PublisherSarai, CSDS2001
A Sarai is an enclosed space in a city, or, beside a highway, where travellers and caravans can find shelter, sustenance and companionship; a tavern, a public house, a meeting place; a destination and a point of departure; a place to rest in the middle of a journey… The Sarai Reader (which is the first of what we hope will be more such collections) can be seen both as a navigation log of actual voyages and a map for possible journeys into a real and imagined territory that we have provisionally called the “Public Domain”. This republic without territory is a ...
PublisherSarai, CSDS2002
This year’s Sarai Reader brings together a range of critical thinking on urban life and the contemporary, marked by spreading media cultures, new social conflict and globalisation. Scholars, media practitioners, critics and activists use a flow of images, memories and hidden realities to create a fascinating array of original interventions in thinking about cities today. In the context of India, where a large part of this reader has been edited, this is significant, given the frugality of writing on city life in this part of the world. With essays, images, analyses, and manifestoes The Cities of Everyday Life reflects on the ...
PublisherSarai, CSDS2003
Sarai Reader 03: Shaping Technologies sets out to ratchet our engagement with the contemporary moment a notch higher, in directions that are sober, exhilarating and discomfiting, all at once… Shaping Technologies brings together a host of original writing and images on these and other themes by a collection of writers, theorists, critics, photographers, philosophers, engineers, activists, artists, media practitioners and programmers from all over the world. It also excavates and connects little known histories with our present reality, finding, for instance, in Rabindranath Tagore’s account of being airborne in 1934, an oblique way of reflecting on the consequences of aerial bombardment, the dehumanising ...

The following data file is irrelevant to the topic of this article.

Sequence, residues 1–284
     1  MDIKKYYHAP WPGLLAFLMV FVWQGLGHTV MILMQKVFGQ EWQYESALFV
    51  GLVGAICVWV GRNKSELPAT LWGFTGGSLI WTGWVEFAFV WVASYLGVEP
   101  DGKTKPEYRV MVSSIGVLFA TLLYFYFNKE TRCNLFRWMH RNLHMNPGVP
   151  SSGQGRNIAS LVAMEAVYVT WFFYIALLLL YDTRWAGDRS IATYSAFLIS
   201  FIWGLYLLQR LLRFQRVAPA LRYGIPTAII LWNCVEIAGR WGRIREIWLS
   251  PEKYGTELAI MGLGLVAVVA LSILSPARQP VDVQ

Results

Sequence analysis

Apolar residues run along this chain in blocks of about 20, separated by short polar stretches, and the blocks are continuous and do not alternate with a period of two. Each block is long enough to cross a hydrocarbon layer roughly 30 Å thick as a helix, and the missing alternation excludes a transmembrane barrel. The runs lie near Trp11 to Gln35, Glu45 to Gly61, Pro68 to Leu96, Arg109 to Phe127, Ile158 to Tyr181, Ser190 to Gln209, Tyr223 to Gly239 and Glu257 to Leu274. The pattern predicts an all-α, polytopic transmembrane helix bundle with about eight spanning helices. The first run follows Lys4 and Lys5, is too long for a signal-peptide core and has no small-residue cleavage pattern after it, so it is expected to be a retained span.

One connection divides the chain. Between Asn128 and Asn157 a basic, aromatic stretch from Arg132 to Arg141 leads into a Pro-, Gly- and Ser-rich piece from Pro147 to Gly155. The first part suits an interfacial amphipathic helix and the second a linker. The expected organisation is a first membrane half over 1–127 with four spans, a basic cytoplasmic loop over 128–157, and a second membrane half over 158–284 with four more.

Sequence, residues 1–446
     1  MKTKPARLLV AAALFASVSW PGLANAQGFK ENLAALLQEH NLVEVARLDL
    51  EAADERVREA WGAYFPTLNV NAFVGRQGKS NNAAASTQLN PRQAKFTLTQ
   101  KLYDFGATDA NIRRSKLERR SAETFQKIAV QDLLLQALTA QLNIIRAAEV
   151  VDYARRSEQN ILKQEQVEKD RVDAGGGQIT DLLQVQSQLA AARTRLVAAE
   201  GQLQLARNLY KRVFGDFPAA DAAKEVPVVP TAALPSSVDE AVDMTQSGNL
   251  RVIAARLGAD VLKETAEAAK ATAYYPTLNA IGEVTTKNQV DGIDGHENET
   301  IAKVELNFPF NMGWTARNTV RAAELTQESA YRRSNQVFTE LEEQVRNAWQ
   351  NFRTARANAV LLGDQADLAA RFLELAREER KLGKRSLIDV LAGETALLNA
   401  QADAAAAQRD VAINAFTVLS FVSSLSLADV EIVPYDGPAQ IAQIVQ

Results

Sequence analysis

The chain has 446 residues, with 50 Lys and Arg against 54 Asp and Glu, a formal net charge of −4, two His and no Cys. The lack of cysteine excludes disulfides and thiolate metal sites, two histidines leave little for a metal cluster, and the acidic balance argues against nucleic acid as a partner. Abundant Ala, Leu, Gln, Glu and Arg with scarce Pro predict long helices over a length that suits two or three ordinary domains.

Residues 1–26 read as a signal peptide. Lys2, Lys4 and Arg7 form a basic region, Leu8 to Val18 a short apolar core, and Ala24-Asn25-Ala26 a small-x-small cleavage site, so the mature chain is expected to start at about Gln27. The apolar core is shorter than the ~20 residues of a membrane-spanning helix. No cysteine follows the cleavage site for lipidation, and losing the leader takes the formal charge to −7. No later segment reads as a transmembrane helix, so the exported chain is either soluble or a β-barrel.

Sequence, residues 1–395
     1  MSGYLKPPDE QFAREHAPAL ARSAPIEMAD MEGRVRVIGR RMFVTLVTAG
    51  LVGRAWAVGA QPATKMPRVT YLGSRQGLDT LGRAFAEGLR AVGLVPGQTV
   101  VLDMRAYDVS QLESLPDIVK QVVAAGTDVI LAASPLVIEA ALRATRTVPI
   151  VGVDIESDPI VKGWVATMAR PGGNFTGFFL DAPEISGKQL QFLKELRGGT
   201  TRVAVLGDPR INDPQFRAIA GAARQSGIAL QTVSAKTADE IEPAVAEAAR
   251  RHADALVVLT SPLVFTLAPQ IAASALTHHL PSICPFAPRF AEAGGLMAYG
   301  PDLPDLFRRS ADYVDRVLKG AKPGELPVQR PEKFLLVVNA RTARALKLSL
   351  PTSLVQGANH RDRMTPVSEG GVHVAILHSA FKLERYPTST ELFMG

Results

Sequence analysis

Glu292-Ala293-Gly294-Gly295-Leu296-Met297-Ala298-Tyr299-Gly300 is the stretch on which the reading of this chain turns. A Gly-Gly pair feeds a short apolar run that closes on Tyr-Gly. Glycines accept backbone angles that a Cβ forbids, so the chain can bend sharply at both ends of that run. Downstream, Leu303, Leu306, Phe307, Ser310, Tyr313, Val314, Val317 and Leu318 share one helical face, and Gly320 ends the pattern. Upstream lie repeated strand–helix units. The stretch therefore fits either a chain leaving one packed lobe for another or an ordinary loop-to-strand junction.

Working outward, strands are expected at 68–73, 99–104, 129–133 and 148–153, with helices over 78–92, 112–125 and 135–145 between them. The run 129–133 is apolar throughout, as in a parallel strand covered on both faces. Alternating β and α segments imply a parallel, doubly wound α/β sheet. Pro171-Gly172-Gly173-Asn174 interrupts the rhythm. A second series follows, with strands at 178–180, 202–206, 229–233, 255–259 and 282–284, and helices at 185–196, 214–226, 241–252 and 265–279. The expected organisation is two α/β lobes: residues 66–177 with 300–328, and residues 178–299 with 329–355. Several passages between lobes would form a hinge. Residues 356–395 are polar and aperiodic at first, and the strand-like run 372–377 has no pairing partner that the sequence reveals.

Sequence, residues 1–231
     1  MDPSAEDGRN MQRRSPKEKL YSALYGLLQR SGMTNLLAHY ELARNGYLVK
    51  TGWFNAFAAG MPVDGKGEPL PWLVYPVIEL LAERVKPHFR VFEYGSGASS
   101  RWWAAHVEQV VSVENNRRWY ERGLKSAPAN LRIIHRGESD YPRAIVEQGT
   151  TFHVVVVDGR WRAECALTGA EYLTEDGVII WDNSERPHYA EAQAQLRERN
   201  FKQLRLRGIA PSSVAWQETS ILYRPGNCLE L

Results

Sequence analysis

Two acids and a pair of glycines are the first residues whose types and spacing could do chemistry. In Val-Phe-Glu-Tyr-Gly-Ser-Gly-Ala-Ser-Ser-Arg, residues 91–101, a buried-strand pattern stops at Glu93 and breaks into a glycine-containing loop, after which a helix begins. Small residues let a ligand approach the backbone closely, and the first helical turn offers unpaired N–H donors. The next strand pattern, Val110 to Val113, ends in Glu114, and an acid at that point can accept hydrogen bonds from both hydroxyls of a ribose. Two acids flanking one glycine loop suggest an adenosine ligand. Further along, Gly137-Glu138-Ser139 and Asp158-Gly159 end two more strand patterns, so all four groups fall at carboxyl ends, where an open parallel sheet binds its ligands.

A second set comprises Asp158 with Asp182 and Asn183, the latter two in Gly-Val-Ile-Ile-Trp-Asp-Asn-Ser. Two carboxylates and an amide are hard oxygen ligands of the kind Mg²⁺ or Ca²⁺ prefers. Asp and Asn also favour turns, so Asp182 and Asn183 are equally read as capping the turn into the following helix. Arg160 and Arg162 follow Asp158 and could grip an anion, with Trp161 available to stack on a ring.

PublisherSarai, CSDS2004
“The book itself has its genesis in the Crisis/Media Workshop that was jointly organized in Delhi by Sarai-CSDS, Delhi and the Waag Society, Amsterdam, a year ago in March 2003. The concept, outlined in the workshop publication by Shuddhabrata Sengupta and Geert Lovink, was a response to 9/11, the invasion of Afghanistan, the violence in Gujarat and the Kargil war. Over 3 days, participants from many different parts of South Asia and the world gathered to debate and dissect the relationship between the notion of crisis and the media, exactly one year after Gujarat had gone up in flames, and ...
PublisherSarai, CSDS2005
“This year, the Reader looks at ‘Acts’ – at instruments of legislation, at things within and outside the law, and at ‘acts’ – as different ways of ‘doing’ things in society and culture. Several essays echo and complement themes that have emerged in earlier readers. Piracy, borders, surveillance, claims to authority and entitlement, the language of expertise, the legal regulation of sexual behaviour and trespasses of various kinds have featured prominently in previous Readers. This collection foregrounds these issues in a way we hope can make a series of coherent but autonomous and interrelated arguments…”
PublisherSarai, CSDS2010
Modernity’s great promise – the freedom from fear, now lies in ruins. One can argue that this vision was always compromised – modernity (especially in the form that emerged in the West, under Capitalism) always hid its own fears, and hid from its own fears – the fear of epidemics, of urban panic, of the homeless multitude and of criminal activity. This led to a drive for transparency: for separating the civic from the criminal, the civilised and the barbaric peoples, the human from the non human, life from the machine. With the advent of the mass slaughters of the ...